dimanche, mai 14, 2006

Down by the Schoolyard

+Isn't Survivor Cirie's HB the best husband ever! I don't usually care for cornrows on men 21+ but he's too sweet.

+Will TNT's Kenny Smith ever wear a suit that fits?

+What is performance studies? Flavalife's Frank Leon Roberts offers some answers.

+Foucault and Spillers elucidate this, which is probably why I have leaned so heavily on their work. Spillers identifies and unpacks an "American grammar" that precludes our subjectivity. They revel in our subjection. (Quelle Horreur!) We tacitly accept it. Expect it. Flesh. Not. Body. Rape. Repeat.

+MAN's got a thoughtful Mother Day's post on conscientious parenting, black girls, subjectivity, and love. Body. Not. Flesh.

+I have NEVER fought, or cut, or spit at or even hung up on someone on the phone and I can't conceive putting my hands on a hallowed person but I believe in corporal punishment for children of adolescent age and younger (obviously not infants) if administered in love and responsibility (and not hate or tyranny) and I do believe that them loveless boys (referred to in MAN's post) need to be beat like they stole something, ideally with an extension cord, spatula or, depending on the proximity to the woods, a switch (What you know about that? I know all about that).* And then these boys need to be actively and lovingly parented into children of character and integrity.

+Since we on playgrounds me et ma soeur were reminiscing and I can't for the life of me remember the name of that playground activity that involved girls, like us, first wrapping our legs around then spinning around something approximating a brushed concrete single ballet barre. Anyone remember what this was called? I would set a date for y'all to meet me at a schoolyard to demonstrate but playgrounds been generally replaced with playstations and there are no children here (Oprah was good as hell in that movie) anyway not to mention I'm too tall and I'd scrape my scalp on the hard concrete. Now that I think about it, Kyra probably knows.

+But really, let's seriously talk about making us a world. It's like we're standing upon their shoulders just to break the indomitable spirit of their legacy down.

+ I just discovered Gary Bartz. He's great.

* in defense of Ms. Julie. i rarely got beat and never with an extension cord or spatula, just belts, often this thick straw belt-she let me pick the belts; I quickly learned to avoid thin belts of leather constitution-and one time, she took it back, and sent me among the coniferous to pick a switch. Jesus, i'll never forget.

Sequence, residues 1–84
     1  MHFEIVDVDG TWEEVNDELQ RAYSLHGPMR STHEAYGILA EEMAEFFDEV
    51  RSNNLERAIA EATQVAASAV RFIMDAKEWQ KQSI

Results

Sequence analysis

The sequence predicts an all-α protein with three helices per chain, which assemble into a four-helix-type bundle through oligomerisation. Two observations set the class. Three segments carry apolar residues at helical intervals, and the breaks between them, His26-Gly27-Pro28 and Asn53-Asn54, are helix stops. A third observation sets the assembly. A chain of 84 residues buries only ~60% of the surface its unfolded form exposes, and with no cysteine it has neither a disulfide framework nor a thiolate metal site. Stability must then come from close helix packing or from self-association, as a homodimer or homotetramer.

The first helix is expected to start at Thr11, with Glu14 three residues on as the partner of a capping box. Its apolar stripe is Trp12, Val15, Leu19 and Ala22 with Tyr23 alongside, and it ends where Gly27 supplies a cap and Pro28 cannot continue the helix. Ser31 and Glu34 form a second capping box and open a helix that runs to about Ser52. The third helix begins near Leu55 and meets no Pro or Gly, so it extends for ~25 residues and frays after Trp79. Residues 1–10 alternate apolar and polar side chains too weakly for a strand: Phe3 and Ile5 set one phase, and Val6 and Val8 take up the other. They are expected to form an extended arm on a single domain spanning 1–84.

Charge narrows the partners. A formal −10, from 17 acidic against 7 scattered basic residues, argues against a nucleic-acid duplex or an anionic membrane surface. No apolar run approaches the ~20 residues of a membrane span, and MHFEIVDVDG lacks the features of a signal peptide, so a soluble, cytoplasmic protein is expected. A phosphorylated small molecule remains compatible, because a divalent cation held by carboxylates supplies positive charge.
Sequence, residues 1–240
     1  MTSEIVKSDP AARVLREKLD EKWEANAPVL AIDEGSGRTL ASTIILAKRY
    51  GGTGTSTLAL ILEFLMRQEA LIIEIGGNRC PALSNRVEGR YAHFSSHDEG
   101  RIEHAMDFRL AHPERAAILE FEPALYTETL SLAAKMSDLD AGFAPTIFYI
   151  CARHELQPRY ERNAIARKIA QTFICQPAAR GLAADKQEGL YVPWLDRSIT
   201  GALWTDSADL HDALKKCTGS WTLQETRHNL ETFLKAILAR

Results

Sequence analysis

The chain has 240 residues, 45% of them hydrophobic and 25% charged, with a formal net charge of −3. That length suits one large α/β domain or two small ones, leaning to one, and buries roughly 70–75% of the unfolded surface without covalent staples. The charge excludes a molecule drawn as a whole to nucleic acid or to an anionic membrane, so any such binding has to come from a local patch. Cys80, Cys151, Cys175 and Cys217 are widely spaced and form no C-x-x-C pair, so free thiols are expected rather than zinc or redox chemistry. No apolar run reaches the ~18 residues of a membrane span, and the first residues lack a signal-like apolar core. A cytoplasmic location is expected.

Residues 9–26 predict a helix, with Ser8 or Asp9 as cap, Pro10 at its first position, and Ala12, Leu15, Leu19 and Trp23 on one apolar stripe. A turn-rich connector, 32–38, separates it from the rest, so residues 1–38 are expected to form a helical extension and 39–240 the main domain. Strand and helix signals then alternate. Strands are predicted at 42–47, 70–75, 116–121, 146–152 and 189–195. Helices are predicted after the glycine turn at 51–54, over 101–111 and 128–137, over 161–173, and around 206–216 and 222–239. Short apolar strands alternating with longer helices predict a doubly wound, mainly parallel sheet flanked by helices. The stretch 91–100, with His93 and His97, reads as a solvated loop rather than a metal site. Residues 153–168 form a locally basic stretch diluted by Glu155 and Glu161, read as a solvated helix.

samedi, mai 13, 2006


I think Bryce, the most beautiful boy in the world, and Nia, dare I say aging better than Halle, should breed. Pretty babies indeed.*

* I know two pretty people often don't produce attractive offspring but they would most certainly be the exception.

lundi, mai 08, 2006


biR060416alewifelogoH with BrailleDAY


Note of clarification: It's NOT my b-day (17 days to a quarter century). It's L'Erin's.

dimanche, mai 07, 2006

...Like My Sister Kate

+Although recommended by the inimitable Kia Davis (currently book learning in Singapore) in 1997, I dismissed Rahsaan Patterson, for spite of his auburn-tipped blow out (he's now balding) I didn't like blown out afros or auburn or blond tipped 'natural' hair styles then or now. In my bopfree teeny world Patterson looked unfresh. He was a failed pretender to D'Angelo's throne. I may have listened to one song from his self-titled debut and I am certain I didn't like it. But about a year ago, after reading Jason King's Voice review of Patterson's After Hours, I thought I'd give him another chance. I just recently got around to downloading the album and I like it. In trying to account for my 180 I'm inclined to say I've developed a taste for corny sh*t in the past decade since Patterson's "So Hot" makes me want to shimmy like tilted texturized (flat) topped Eddie Murphy on the dancefloor with Robin Givens in Boomerang. I want to toss my head hair back in "Maaaarcus" post-youthful abandon. When listening to Patterson I feel like a thirtysomething Negro circa 1992 but I don't want to stop. And I'm afraid of what I'm becoming. Am I no longer the smirker* but the smirked at?! Maybe that's why I don't frequent Williamsburg.**